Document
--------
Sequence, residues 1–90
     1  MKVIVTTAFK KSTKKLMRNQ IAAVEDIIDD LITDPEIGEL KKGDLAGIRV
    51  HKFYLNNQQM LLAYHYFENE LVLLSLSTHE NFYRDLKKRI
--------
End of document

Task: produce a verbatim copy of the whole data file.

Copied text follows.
Sequence, residues 1–90
     1  MKVIVTTAFK KSTKKLMRNQ IAAVEDIIDD LITDPEIGEL KKGDLAGIRV
    51  HKFYLNNQQM LLAYHYFENE LVLLSLSTHE NFYRDLKKRI